Bloody Sunday: Soldier F faces murder charges


James Wray, left, and William McKinney

Image caption

James Wray and William McKinney were among 13 people shot dead at a civil rights march

A former British soldier faces murder charges over the killing of two people on Bloody Sunday in Londonderry in 1972.

The Public Prosecution Service said there was enough evidence to prosecute Soldier F for the murders of James Wray and William McKinney.

He also faces charges for the attempted murders of Patrick O’Donnell, Joseph Friel, Joe Mahon and Michael Quinn.

Thirteen people were shot dead at a civil rights march on 30 January 1972.

The day became known as Bloody Sunday – one of the darkest days of the Northern Ireland Troubles.

The former paratrooper is being referred to only as Soldier F because all military witnesses were granted anonymity through the Saville Inquiry into the circumstances around the killings.

The PPS said there was insufficient evidence to prosecute 16 other soldiers and two Official IRA men.

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Media captionOne soldier will be prosecuted over Bloody Sunday, the PPS said

James Wray’s brother Liam said he was “very saddened for the other families” of those killed on Bloody Sunday.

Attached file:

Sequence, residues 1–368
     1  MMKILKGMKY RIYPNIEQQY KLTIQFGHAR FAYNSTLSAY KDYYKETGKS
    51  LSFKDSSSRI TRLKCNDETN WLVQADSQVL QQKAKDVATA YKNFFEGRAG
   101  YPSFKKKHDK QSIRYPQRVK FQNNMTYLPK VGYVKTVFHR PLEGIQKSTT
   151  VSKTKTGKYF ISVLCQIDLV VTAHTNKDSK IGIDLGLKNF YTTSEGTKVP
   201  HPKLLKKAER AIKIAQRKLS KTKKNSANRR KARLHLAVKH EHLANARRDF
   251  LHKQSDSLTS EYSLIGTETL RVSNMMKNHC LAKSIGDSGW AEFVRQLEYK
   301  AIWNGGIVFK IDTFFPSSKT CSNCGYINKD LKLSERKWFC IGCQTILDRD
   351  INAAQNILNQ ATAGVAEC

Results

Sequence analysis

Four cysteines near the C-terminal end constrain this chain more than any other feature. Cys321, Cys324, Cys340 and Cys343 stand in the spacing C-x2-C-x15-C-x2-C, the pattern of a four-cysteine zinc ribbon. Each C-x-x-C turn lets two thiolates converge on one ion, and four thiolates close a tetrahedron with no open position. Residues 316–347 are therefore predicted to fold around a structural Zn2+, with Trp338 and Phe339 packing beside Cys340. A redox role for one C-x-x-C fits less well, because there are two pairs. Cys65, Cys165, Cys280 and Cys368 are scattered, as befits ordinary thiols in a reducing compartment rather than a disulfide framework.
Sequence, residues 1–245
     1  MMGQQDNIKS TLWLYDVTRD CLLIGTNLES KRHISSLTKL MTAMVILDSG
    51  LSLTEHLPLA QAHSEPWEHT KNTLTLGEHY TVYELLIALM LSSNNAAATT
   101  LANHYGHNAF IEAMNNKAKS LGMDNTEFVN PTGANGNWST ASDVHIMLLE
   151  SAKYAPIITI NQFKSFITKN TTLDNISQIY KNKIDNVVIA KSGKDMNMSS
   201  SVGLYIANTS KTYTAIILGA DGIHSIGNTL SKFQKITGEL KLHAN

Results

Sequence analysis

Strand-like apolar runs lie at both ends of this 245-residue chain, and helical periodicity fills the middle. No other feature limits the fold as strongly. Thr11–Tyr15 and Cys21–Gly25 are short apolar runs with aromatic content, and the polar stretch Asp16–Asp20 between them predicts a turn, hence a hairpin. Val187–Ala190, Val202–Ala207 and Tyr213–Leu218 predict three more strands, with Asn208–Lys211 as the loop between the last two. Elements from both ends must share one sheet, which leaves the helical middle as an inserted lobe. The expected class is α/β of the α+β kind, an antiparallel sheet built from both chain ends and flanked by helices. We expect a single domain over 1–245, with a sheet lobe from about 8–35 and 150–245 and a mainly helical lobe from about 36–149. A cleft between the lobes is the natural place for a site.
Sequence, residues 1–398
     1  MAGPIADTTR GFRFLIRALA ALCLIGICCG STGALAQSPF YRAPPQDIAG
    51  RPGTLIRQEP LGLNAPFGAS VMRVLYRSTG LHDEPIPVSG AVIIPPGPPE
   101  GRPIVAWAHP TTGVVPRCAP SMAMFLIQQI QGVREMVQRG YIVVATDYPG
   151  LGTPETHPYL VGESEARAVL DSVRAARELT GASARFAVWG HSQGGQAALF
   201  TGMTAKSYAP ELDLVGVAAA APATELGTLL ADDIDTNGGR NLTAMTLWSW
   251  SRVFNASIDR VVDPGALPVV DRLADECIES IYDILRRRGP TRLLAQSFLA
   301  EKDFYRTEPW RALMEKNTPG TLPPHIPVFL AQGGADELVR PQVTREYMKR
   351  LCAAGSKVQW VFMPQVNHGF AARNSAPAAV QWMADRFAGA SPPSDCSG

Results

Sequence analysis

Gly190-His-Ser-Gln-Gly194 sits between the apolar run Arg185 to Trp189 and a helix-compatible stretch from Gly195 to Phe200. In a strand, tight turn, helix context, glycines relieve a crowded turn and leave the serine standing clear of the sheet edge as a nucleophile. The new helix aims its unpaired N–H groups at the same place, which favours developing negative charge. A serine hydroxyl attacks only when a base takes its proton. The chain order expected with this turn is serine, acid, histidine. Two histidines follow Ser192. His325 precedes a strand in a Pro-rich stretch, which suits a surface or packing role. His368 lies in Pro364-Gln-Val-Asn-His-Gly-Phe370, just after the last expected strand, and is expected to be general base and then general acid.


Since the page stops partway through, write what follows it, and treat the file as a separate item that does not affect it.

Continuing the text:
“Their hearts must be broken,” he said. “It has been a sad day but the Wray family are relieved.”

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Media captionWhat was Bloody Sunday?

He added: “There are a lot of sad and heartbroken people today.”

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Bloody Sunday gained notoriety around the world, partly due to the image of a Catholic priest waving a bloodstained white handkerchief as he tried to help a victim

Director of the PPS Stephen Herron said: “It has been a long road for the families… and today will be another extremely difficult day for many of them.

“We wanted to meet them personally to explain the decisions taken and to help them understand the reasons.”

Mr Herron said the decisions to prosecute announced on Thursday “relate only to allegations of criminal conduct on Bloody Sunday itself.”

“Consideration will now be given to allegations of perjury in respect of those suspects reported by police,” he said.

Bloody Sunday has ‘cast a long shadow’

by Julian O’Neill, BBC News NI Home Affairs Correspondent

Bloody Sunday might have happened 47 years ago, but it has cast a very long shadow, extending far beyond victims’ families and those involved.

It fuelled the Troubles and, two decades after they ended, it will once again throw a searchlight on how Northern Ireland deals with it past.

Legacy issues, as they are termed, can poison the present day and they have been allowed to fester.

Bloody Sunday has fed into the ongoing debate, with the government considering legislation as part of its next steps.

Will that involve a de facto amnesty from prosecutions in future, and whom might that cover?

This is the bigger picture against the backdrop of the Bloody Sunday decisions, significant as they are in their own right.